Skip to main content
ARS Home » Research » Publications at this Location » Publication #191969


item Freetly, Harvey
item Ferrell, Calvin
item Archibeque, Shawn

Submitted to: American Society of Animal Science Annual Meeting
Publication Type: Abstract Only
Publication Acceptance Date: 2/22/2006
Publication Date: 7/13/2006
Citation: Freetly, H.C., Ferrell, C.L., Archibeque, S.L. 2006. Net flux of A-amino N across splanchnic tissues of ewes during abomasal protein and glucose infusion [abstract]. Journal of Animal Science 84(Suppl. 1):457.

Interpretive Summary:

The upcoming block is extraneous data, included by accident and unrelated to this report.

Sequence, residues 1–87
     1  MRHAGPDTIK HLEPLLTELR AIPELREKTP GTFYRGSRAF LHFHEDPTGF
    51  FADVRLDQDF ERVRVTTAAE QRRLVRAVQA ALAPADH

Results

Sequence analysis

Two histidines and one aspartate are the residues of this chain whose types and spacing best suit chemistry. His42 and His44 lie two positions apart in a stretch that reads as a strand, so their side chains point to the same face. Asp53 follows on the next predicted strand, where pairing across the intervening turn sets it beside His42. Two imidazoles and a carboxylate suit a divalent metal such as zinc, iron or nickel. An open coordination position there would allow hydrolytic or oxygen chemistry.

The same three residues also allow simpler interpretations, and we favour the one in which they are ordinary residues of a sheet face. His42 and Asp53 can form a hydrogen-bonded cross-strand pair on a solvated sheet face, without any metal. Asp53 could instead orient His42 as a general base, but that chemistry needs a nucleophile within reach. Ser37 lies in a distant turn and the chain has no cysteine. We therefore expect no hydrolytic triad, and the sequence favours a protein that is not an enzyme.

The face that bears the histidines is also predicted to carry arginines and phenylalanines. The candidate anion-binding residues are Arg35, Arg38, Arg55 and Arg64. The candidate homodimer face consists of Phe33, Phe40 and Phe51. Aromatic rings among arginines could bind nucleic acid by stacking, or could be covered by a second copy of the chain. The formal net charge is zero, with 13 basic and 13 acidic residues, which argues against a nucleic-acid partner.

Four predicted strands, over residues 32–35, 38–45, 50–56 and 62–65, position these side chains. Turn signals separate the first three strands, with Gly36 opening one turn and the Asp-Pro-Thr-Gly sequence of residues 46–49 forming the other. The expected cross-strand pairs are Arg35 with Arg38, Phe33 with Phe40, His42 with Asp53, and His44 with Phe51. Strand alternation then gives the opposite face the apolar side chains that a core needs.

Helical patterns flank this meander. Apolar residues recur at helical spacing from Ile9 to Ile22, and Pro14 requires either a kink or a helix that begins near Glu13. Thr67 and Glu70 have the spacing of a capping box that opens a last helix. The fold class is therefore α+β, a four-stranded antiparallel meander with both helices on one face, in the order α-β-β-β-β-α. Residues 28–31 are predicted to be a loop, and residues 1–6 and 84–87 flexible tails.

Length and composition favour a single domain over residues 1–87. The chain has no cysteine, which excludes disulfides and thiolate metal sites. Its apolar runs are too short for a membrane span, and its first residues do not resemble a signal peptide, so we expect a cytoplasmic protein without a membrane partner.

Technical Abstract: Amino acids that enter enterocytes are used for protein synthesis, catabolized, or released into the blood. We hypothesized that providing glucose as an alternate energy source would increase the release of amino acids into the blood. Mature ewes (n = 18; 71.7 +/- 0.7 kg) with permanent catheters in the portal vein, hepatic vein, and abdominal aorta and a cannula in the abomasum were fed a diet of 95% brome hay and 5% soybean meal, as DM (52.2 g/BW kg**0.75). The design was a Youden rectangle with 9 ewes receiving abomasal infusions of either 0 or 3.84 g/h glucose and 1 of 5 abomasal protein infusions (0, 18.1, 36.4, 54.4, or 72.6 mmol amino acids/h, x) in each of 5 periods. The protein was a combination of an isolated soy protein [Ardex (registered trademark) F Dispersible] and cysteine (8.3% by weight). Blood samples were collected 4 through 6 h after infusions were initiated. Net PDV alpha-amino N release increased with protein infusions (P < 0.001; f(x) = 0.346x + 28.2 mmol/h), but the difference between controls and glucose infused ewes was not significant (P = 0.11). Net PDV glucose release was higher (P < 0.001) in ewes receiving the glucose infusion (1.57 +/- 1.51 mmol/h) than control ewes (-12.9 +/- 2.8 mmol/h) and glucose release increased quadratically (P = 0.03; f(x) = -0.026x**2 + 0.1603x mmol/h) in response to protein infusion. Net hepatic alpha-amino N uptake did not differ with glucose infusion (P = 0.21) but increased with protein infusion (P < 0.001; f(x) = 0.275x + 27.3 mmol/h). Net hepatic glucose release decreased (P = 0.005) with glucose infusion (16.9 +/- 2.0 mmol/h) compared to controls (22.5 +/- 3.8 mmol/h) and increased quadratically (P = 0.004) with protein infusion (f(x) = 0.0048x**2 - 0.2148x, mmol/h). This study suggests abomasally infused amino acids were released into the portal blood with an efficiency of ~35%, and that the presence of luminal glucose did not spare amino acids. Reduced hepatic glucose release with glucose infusion indicates that hepatic gluconeogenesis was reduced with increased dietary glucose.